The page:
Bruce Sterling Interview Transcript with Elektrischer Reporter

The video of the interview can be found at Elektrischer Reporter.

It´s good breaking peoples preconceptions and running thought experiments. And its kind of good at popularising background ideas which need a little sharpening. Thats good for just breaking down your preconceptions in sort of adjusting that things might be different. But I can get a lot of the same kick out of design magazines quite frankly.

Why do I do it? I don´t know. I really enjoy it and it does something for me that other forms of fiction don´t. I like it for it´s sense of engagement when people talk about future in a very abstract corny kind of way.

To read fiction is to see the future not as it´s speculated but as it´s felt and as it´s lived. It´s about structures of feeling and meaning and that´s what literature has to bring in the game of futurist speculation and that´s why science fiction is different from just say scenario thinking. So it puts flesh on idea and trends and I think that can be valuable.

Well you know to me it seemed very natural, I mean I didn´t make up the term „Cyberpunk“. But you know it came from a bohemian creative milieu from Austin and popculture and popmusic and kind of cultural activities and I am still very interested in those kind of a student of those things. But as time went along I became interested in really definitiv kinds of trends and kind of cultures kind of a small world and a temporary world in many ways whereas green issues are kind of a large clear impressive danger and it just seemed to me kind of morally obligatory to look to those larger issues.

You know I have a principal that if a problem shows up at my own doorstep I won´t simply write fiction about it. I will attempt to intervene and do something because you know I am a moral actor and I am a player in the world and I think you are a better writer for doing such things.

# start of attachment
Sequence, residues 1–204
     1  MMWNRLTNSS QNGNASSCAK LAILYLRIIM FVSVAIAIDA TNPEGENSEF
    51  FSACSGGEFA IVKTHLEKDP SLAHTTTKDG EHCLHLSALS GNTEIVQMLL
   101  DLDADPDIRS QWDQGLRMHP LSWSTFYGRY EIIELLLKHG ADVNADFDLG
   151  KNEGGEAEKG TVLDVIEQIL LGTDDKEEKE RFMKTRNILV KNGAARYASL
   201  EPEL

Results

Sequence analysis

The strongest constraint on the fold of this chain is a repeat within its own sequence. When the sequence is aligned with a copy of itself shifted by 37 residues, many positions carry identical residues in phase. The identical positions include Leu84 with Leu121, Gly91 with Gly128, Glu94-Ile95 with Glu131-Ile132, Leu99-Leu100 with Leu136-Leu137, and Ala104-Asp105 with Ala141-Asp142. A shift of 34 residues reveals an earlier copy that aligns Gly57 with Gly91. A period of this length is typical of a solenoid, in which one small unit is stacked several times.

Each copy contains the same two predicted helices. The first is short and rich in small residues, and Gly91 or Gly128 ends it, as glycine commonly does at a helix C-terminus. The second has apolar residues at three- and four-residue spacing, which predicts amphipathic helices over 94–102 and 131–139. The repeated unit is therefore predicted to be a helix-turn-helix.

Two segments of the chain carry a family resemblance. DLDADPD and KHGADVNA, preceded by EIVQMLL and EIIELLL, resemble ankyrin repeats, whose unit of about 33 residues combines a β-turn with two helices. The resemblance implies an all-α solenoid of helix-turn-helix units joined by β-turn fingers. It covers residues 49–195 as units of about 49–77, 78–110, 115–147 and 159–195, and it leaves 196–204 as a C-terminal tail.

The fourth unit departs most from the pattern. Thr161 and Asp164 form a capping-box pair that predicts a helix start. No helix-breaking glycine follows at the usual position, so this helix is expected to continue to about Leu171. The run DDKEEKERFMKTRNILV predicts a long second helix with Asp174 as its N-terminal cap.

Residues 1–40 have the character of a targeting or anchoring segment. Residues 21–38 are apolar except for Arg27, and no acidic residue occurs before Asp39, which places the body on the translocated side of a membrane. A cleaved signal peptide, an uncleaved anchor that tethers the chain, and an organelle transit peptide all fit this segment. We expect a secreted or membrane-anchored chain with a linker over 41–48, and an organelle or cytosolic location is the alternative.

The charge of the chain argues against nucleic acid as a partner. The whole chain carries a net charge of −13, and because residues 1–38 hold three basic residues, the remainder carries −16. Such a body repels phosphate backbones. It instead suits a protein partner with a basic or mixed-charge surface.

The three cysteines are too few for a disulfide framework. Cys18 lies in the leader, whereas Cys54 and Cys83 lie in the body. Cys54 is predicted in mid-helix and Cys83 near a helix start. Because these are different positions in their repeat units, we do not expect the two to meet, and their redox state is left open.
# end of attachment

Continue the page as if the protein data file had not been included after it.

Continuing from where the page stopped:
And when Chiapas cought fire in 1998 and the plume of smoke from burning tropical jungles went over my home and reached Chicago I understood the climate change which was a science fictional idea for a long time was becoming a reality and that very little constructive has been done about it.

So I did what I could to intervene. (Frage: What?) I started a mailist began agitating and writing about it. I had already written some science fiction novels about climate change that obviously didn´t stop it from happening so I thought I might intervene more effectively in the design world because they are a little closer to the ground there.

And I suspect I will be moving into the engineering world later. I mean from fiction to design to engineering and if I live long enough I problably be in the military. Really, in the emergency services. It´s a hobby of mine. It´s not an NGO, I am not Greenpeace. You know I am basically just a novelist and design theorist and sometime designprofessor.
But it turns out that if you get interested in the design world and you write about them and pay attention to what they are saying you become part of it. Thats what I did.